I won, nobody cares

A consistent source of big prices is a cheap non-winners of two claiming sprint, featuring a bad but healthy closer versus once-decent but probably ailing horses with memories of speed.

Horse races are about matchups, not anthropomorphism: by that thought process, you project human tendencies upon animals. It is assumed that some horses don't want to win, that, as they approach the wire they think: This is way too much trouble, I get to eat no matter what, no use straining something.

This type would be a 1-for-25 non-winner of two. The truth may have nothing to do with attitude. The 1-for-25 horse might want to win as much as the next nag but simply can't run fast enough.

In horse race handicapping today, nothing should be automatic. Many secrets occur outside the past performances. Yet 1-for-20 or so non-winners of two are as routinely brushed off the Form as onion ring crust. As losses pile onto the maiden win, odds move off the chart. Here's something more important an assumed loser's mentality: fitness.

This is the ideal foe in a low-level claiming race (which pays the same money at 50-1 odds as does an upset winner in a stakes race): cheap speed at a sprint, off too long, still relatively lightly raced, questionable health.

Here is a good bet against that: a closer on an off-track, a slow but persistent runner looking for the perfect stormy day, an Ugly Betty type that gets no respect based on the appearance of the number of losses.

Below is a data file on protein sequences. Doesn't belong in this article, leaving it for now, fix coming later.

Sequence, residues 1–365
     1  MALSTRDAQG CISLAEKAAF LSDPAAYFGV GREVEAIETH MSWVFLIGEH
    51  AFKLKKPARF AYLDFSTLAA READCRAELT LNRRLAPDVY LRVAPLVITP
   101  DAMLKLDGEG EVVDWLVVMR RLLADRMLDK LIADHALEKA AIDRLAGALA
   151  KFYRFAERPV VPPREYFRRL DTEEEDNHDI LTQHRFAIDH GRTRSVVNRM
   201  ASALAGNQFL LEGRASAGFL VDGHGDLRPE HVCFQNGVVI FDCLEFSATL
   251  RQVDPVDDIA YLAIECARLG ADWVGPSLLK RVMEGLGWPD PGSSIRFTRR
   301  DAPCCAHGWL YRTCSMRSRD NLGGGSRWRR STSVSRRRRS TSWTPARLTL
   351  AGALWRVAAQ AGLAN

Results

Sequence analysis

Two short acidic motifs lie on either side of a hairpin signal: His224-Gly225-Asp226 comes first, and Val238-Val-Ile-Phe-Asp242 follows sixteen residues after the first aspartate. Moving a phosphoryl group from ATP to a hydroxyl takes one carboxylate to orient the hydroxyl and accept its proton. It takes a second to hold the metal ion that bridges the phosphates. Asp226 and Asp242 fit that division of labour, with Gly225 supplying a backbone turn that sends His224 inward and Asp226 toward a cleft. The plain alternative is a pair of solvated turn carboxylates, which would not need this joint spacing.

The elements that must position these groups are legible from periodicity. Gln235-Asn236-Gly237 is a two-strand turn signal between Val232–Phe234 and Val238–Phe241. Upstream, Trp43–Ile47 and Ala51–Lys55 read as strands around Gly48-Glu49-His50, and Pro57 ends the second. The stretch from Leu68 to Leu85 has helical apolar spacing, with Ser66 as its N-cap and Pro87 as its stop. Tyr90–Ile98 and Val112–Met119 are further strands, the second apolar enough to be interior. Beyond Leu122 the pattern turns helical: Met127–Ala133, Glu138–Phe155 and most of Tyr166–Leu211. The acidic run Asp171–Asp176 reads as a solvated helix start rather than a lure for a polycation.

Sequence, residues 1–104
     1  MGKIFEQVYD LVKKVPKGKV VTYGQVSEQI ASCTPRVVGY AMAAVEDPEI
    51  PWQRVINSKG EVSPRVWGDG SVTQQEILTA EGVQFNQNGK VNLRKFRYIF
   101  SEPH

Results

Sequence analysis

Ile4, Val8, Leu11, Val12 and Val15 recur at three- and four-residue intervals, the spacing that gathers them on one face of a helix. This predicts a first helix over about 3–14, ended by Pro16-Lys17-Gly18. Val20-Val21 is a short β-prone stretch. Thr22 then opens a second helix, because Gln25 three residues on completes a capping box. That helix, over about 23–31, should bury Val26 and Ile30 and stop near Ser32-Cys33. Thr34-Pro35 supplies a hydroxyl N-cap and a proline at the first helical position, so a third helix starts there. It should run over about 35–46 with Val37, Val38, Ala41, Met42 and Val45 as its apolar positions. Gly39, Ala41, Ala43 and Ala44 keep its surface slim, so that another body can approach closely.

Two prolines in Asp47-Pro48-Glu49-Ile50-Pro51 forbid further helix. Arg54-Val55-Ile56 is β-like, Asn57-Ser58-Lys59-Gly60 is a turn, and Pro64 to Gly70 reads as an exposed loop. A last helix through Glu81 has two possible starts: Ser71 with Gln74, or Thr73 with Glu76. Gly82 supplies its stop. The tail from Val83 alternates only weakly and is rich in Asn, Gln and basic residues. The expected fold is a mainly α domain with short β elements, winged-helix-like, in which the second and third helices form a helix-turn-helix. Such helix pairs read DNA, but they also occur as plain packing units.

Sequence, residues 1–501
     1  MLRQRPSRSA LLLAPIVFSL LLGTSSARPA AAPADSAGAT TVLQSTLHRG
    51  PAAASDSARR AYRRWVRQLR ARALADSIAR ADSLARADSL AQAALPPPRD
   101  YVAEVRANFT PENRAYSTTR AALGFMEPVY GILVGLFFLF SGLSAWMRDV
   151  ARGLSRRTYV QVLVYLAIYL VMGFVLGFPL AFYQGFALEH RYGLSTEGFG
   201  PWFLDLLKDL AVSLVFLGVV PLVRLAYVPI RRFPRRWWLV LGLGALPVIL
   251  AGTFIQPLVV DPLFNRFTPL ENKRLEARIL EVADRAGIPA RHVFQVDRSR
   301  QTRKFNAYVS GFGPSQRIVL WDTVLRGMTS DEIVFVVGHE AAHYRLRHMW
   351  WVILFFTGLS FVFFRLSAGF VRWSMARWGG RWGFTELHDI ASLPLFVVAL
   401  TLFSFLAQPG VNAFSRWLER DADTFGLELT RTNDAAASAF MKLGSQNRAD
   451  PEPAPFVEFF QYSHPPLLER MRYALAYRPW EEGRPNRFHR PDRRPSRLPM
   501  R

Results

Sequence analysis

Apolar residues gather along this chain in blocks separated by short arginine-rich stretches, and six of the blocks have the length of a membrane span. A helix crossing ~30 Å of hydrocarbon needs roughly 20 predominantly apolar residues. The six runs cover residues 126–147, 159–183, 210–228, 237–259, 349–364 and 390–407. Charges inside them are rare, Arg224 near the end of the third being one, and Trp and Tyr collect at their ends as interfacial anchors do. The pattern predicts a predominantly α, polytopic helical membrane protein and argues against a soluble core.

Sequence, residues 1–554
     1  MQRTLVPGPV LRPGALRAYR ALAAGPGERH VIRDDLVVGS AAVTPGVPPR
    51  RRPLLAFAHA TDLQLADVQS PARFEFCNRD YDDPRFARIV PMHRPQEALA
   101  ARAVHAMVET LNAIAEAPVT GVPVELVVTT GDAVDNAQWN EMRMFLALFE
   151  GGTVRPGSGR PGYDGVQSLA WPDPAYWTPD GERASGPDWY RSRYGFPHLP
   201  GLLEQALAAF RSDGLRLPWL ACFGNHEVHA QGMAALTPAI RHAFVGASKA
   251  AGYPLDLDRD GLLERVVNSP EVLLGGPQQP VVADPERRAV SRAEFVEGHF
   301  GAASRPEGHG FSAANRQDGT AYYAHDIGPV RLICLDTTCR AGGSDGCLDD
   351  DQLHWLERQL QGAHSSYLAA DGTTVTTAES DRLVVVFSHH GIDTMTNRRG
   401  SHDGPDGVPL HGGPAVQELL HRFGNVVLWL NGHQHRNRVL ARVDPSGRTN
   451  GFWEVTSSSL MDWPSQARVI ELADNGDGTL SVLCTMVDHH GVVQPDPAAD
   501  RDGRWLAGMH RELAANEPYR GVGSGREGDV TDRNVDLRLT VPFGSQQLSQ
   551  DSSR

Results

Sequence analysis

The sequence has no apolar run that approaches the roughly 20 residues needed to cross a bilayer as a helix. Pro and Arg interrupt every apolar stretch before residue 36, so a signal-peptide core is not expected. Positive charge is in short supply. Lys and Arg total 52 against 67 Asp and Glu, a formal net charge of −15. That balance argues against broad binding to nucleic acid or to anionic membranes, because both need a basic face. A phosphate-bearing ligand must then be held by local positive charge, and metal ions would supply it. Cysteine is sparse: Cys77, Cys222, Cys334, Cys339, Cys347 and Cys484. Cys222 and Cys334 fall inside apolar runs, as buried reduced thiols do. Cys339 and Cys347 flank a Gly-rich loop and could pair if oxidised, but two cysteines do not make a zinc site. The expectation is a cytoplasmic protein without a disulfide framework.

What's good about horse racing is sometimes you get to revisit wins -- at the windows. Sometimes races fit a stencil. Plug in something similar to what won before and you might win again, at a little less money, because surely somebody else had been here before.

The first $100 horse I hit was a 1-for-a-bunch against a field that had to be better but wasn't; and recently, something similar happened. A plodder in the mud went from last to first in a bottom-feeder sprint with a short field and paid $50-something on the win. The only trouble was avoiding the short-priced unfit horses as they wobbled to near-stops.

I love celebrating good wins, the problem in this case being that an 88-year old woman to the right was going to the liquor store for a bottle of wine. She missed a redbud tree on the corner of my front yard by about six inches, which may sound close, but isn't comparatively. On the other side, they recently adopted a Korean baby boy who had an ear ache. They had just returned from a doctor's appointment and rushed the child inside and out of the chilly winter's air. Across the street is a woman masseuse. Evidently you don't have to be zoned commercial for that. A station wagon was in the drive. The house two to the left is for sale. A truck was there, somebody inside cleaning, perhaps.

That was the state of things after the good win, save for a woman walking a dog, left to right, one of those house shoe dogs, all fuzz, and down by your feet.

There are close to as many dogs as people in this neighborhood full of cottages. And even long-time residents are known by the pets they keep: You hear the guy with the Westie got fired? Guess what, the woman with the boxer is suddenly single. Guy with the pug, gone.

"I had a fifty-dollar winner," I said to the woman walking the house slipper dog. "Circled them all and kicked their backsides by a mile."

"Please stay away from me," she said, walking on.

The problem with home wagering can be the silence.

Write to Jay at jaycronley@yahoo.com